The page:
Newcastle upon Tyne in old picture postcards

Newcastle upon Tyne in old picture postcards

:   John Airey
:   Tyne & Wear
:   United Kingdom
:   978-90-288-4581-7
:   144
:   EUR 16.95 Incl BTW *

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Fragmenten uit het boek 'Newcastle upon Tyne in old picture postcards'

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59. Sydenham Terrace was a typical weil-built row of houses constructed in about 1865 which faced the North Road just north of the Hancock Museum. The other streets in this small area beside the Moor were Devonshire Terrace, Kensington Terrace and Park Terrace. This postcard by Herries of Jesmond was issued in 1908 and at this time the houses were mainly occupied by surgeons and shipowners. Between Devonshire Terrace and C1aremont Raad was the new Hospitalof Saint Mary Magdalene built in 1874. The trustees of the Hospital built a Home for Incurables on land they owned at Spital Tongues in 1894 and this later became the Saint Mary Magdalene Home. In the 1960s, Sydenham Terrace was demolished and new University buildings were erected on the site.

60. Situated at the north end of Brandling Park, the Stephens Memorial Fountain was sculpted by William Donaldson of Newcastle and paid for by public subscription. William Davies Stephens was a famous shipowner, Chairman ofthe Tyne-Tees Shipping Company and a staunch Methodist. A strict teetotaller, he was mainly responsible for the founding of the annual Temperanee Festival on the Town Moor. The postcard by R. Gibson shows the well-attended unveiling ceremony by Thomas Burt on 2nd May 1908. At his death, Stephens had been living nearby in Abbotsford Terrace, Jesmond. Today the Memorial Fountain has been tumed around and faces the Fleming Memorial Hospital.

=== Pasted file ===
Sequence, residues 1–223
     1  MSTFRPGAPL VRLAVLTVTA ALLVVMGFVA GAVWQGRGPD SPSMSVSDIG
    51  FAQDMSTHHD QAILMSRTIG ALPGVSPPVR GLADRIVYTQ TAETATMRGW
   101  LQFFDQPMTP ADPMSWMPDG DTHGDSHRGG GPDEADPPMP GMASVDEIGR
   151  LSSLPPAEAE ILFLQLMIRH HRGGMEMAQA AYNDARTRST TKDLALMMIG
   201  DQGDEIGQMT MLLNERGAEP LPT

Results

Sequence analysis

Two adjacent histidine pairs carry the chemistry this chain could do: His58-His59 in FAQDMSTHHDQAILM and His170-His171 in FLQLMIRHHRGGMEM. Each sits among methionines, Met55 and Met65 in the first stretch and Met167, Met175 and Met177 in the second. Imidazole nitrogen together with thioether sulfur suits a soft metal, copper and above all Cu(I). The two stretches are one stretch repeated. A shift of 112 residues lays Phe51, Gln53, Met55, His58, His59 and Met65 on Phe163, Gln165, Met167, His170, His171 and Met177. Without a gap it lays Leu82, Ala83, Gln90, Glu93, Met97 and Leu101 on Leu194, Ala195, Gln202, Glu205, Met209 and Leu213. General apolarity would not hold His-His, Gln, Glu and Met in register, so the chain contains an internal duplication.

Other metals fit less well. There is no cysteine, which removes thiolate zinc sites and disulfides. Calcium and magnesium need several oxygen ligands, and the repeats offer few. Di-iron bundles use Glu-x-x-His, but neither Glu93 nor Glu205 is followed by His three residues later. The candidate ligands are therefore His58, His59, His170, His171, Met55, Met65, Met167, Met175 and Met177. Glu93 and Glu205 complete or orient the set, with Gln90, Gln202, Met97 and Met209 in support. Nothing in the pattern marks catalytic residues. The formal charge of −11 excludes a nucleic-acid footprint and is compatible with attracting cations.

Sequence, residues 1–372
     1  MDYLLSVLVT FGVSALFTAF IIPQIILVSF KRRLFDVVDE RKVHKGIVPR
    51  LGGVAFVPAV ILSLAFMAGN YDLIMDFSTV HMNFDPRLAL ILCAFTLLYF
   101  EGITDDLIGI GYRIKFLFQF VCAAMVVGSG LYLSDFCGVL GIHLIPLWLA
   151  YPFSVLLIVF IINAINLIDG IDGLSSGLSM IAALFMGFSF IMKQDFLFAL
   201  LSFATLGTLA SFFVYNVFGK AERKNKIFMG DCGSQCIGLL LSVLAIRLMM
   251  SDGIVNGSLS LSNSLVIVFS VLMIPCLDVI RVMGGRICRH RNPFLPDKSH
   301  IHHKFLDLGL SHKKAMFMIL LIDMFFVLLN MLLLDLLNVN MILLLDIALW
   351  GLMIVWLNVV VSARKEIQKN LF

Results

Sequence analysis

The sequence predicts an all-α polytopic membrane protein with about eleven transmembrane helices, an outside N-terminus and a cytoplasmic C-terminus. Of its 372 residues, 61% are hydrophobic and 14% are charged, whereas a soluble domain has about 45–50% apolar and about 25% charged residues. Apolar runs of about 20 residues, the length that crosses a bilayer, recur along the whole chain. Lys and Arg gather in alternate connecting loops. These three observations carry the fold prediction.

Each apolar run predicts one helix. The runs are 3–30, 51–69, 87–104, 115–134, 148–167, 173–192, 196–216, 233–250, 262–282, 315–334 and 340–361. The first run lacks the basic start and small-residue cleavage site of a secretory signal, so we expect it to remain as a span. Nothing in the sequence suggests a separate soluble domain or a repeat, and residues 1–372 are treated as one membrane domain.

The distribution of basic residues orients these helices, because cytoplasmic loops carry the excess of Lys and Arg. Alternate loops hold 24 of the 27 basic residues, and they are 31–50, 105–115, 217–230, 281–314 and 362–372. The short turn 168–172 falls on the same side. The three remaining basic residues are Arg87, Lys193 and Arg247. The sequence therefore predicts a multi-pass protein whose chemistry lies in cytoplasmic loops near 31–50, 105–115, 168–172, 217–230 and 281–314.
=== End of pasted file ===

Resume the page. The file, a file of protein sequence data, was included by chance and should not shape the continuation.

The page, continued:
61. The Royal Grammar School is the oldest school in Newcastle. Founded in the sixteenth century, it has had a number of homes and for many years was in Rye Hili. In 1906 the school moved to these purpose-built premises in Eskdale Terrace, Jesmond and is still there today. Designed by Sir Edwin Cooper, the spacious buildings and playing fields were officiallyinaugurated by the Duke ofNorthumbedand in January 1907. The school playing fields were originally tennis courts and a football field between Brandling Park and Eskdale Terrace. This unusual view of the school was photographed by G. Lindsay from the tower of Jesmond Church in 1912. Brandling Village spreads across the righthand background with the Fleming Children's Hospital beyond and the large open expanse of the Town Moor in the distance.

62. Originally a portion of the Town Moor, Brandling Park was created in 1878 to meet the increasing recreational needs of the inhabitants of Newcastle. The Park, near Brandling Village on the North Road, was well laid out with trees, shrubs and flowers, together with a small lake and a fountain. The Brandling family, after whom the Park and Village are named, owned large areas of Felling and later Gosforth from the sixteenth to the midnineteenth centuries. This postcard by Harry O. Thompson of 202, Portland Raad, Jesmond shows the bowling green and pavilion in the 1920s. A group of nannies with their charges are on the seats to the right.

Flemming ~Iemoxial Hospital, _. ewcastle.

63. Situated north of Brandling Village is the Fleming Children's Hospital built at the sole expense of John Fleming, alocal solicitor, in memory of bis wife Mary. The Fleming (spe lIed with only one m) Hospital was designed in 1887 by J.S. Quilter and cost f23,000 to build. Opened by Lord Armstrong in 1888, it was erected on the former ground of the Newcastle Cricket club who played there from 1877 to 1887. This early postcard was produced by Richard E. Ruddock who at one time worked with Matthew Auty as a portrait photographer before setting up on his own as a view publisher. In 1904, Ruddock Limited claimed in an advertisement to be one of the largest publishers of view postcards in the North of England. Ruddock's photographic studio was at 2 Pilgrim Street, above the Grand Café which was on the corner of Pilgrim Street and Blackett Street and later oecupied by Northern Goldsmiths.